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September 12, 1961 - Image 45

Resource type:
Text
Publication:
The Michigan Daily, 1961-09-12

Disclaimer: Computer generated plain text may have errors. Read more about this.

GENERAL
SECTION

I

111k it Aau

471, iiy

GENERAL
SECTION

ANN ARBOR, MICHIGAN, TUESDAY, SEPTEMBER 12, 1961

PARKING, PEDESTRIAN PROBLEMS:
Bicycles Create Congestion

SGC(
Greek

onsiders

HU-AC

"Think twice before bringing a
bike to the University," is the ad-
vice of, James A. Lewis, Vice-Pres-
ident for Student Affairs, to in-
coming freshmen.
"Freshmen who do bring bikes
should come with a good padlock,
register it immediately, and' keep
it locked at all times. We suspect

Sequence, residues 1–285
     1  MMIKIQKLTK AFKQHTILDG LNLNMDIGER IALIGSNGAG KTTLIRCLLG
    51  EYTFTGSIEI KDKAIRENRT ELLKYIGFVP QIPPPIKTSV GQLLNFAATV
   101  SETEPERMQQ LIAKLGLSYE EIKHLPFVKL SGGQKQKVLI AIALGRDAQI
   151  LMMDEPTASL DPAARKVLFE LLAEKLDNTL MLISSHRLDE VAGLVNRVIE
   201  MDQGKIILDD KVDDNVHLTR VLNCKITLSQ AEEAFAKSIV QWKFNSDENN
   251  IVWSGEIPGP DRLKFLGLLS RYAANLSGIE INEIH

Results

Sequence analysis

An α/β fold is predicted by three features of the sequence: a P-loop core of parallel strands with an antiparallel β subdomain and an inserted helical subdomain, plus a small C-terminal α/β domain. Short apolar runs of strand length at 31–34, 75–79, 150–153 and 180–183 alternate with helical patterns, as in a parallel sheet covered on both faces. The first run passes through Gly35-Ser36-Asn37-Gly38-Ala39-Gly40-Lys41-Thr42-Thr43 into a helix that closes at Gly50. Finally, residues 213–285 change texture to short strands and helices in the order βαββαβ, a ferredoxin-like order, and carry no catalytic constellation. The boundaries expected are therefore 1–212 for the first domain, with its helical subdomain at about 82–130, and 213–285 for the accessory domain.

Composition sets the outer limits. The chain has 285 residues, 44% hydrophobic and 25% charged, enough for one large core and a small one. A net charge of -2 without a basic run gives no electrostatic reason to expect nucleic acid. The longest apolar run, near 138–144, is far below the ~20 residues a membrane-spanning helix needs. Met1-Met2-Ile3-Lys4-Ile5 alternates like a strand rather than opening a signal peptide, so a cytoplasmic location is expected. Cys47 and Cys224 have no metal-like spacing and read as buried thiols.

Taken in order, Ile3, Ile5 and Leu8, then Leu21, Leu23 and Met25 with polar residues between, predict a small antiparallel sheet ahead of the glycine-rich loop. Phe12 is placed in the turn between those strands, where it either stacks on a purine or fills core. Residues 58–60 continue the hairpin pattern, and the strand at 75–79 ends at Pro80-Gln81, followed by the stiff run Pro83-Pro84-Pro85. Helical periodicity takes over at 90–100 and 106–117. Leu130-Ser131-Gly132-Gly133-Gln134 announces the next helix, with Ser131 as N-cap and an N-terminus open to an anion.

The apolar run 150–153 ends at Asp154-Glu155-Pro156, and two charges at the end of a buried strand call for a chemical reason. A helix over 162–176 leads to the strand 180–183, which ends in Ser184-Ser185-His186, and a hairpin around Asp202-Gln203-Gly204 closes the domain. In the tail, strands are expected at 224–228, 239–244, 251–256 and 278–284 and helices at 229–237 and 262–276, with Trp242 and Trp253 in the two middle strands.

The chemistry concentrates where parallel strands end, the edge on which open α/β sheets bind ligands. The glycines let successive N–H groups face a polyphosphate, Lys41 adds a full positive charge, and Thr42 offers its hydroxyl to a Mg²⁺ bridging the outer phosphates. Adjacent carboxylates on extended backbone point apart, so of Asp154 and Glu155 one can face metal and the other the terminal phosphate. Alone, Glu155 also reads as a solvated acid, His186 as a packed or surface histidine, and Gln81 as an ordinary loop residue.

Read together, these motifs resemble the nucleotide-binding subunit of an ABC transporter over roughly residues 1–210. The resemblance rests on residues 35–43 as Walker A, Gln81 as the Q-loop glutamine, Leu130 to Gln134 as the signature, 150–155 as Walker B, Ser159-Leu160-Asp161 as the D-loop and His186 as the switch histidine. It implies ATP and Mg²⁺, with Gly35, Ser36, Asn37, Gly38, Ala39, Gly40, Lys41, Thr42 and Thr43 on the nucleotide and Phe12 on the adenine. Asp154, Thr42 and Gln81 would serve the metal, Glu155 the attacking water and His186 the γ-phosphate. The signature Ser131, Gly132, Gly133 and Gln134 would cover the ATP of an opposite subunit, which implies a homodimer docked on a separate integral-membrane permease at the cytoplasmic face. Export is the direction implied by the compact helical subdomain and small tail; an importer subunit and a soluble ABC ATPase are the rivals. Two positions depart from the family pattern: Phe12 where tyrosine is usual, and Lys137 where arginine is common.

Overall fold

that professional thieves are com-
ing in and taking bikes and there
is nothing easier to steal than an
unregistered, unlocked bike."
"All cycles are subject to im-

poundment if unregistered, even
if legally parked. This same poli-
cy obtains throughout the city so
far as the police are concerned,"
Lewis said.
"The large number of stolen
bikes which we have been able to
return to the proper owners, dur-
ing the relatively short history of
the Bicycle Control Program, leads
us to only one conclusion: we've
got to emphasize proper registra-

tion throughout the city and on
the campus."
Lewis stressed that unless a bi-
cycle has a current license the
owner is practically helpless if he
sees someone riding around on his.
By making sure that all bikes
have current licenses it will be
possible to clean out the racks of
abandoned and stolen bicycles
which clutter parking facilities,
and increase the hazards of safe-
ty in sidewalks and around en-